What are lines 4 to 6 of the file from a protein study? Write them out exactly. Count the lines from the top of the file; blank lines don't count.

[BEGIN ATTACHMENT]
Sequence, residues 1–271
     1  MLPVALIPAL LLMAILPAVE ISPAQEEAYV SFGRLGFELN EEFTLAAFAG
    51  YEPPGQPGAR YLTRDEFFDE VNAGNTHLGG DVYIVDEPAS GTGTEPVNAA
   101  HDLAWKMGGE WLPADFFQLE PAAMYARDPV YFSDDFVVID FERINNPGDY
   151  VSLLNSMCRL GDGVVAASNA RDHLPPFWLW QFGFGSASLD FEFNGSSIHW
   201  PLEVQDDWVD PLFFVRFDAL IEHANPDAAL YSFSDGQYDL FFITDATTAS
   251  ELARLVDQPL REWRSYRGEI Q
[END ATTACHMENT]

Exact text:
   101  HDLAWKMGGE WLPADFFQLE PAAMYARDPV YFSDDFVVID FERINNPGDY
   151  VSLLNSMCRL GDGVVAASNA RDHLPPFWLW QFGFGSASLD FEFNGSSIHW
   201  PLEVQDDWVD PLFFVRFDAL IEHANPDAAL YSFSDGQYDL FFITDATTAS